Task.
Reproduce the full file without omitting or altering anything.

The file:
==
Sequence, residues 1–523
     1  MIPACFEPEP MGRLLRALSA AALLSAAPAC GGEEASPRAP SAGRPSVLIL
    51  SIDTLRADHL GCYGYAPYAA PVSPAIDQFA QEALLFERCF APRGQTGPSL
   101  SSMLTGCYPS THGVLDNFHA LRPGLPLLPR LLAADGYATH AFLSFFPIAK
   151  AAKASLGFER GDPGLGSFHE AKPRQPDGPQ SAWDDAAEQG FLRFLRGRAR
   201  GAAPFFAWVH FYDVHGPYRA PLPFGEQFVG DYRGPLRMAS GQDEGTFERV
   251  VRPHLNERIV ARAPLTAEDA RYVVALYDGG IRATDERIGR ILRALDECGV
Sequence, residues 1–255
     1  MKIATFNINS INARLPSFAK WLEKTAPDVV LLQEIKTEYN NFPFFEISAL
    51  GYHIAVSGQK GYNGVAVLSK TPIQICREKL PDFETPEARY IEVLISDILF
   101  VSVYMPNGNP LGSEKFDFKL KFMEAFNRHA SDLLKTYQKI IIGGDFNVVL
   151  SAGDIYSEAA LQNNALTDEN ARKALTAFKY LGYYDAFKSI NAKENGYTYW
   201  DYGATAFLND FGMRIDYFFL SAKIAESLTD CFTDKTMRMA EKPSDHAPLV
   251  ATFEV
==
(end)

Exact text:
Sequence, residues 1–523
     1  MIPACFEPEP MGRLLRALSA AALLSAAPAC GGEEASPRAP SAGRPSVLIL
    51  SIDTLRADHL GCYGYAPYAA PVSPAIDQFA QEALLFERCF APRGQTGPSL
   101  SSMLTGCYPS THGVLDNFHA LRPGLPLLPR LLAADGYATH AFLSFFPIAK
   151  AAKASLGFER GDPGLGSFHE AKPRQPDGPQ SAWDDAAEQG FLRFLRGRAR
   201  GAAPFFAWVH FYDVHGPYRA PLPFGEQFVG DYRGPLRMAS GQDEGTFERV
   251  VRPHLNERIV ARAPLTAEDA RYVVALYDGG IRATDERIGR ILRALDECGV
Sequence, residues 1–255
     1  MKIATFNINS INARLPSFAK WLEKTAPDVV LLQEIKTEYN NFPFFEISAL
    51  GYHIAVSGQK GYNGVAVLSK TPIQICREKL PDFETPEARY IEVLISDILF
   101  VSVYMPNGNP LGSEKFDFKL KFMEAFNRHA SDLLKTYQKI IIGGDFNVVL
   151  SAGDIYSEAA LQNNALTDEN ARKALTAFKY LGYYDAFKSI NAKENGYTYW
   201  DYGATAFLND FGMRIDYFFL SAKIAESLTD CFTDKTMRMA EKPSDHAPLV
   251  ATFEV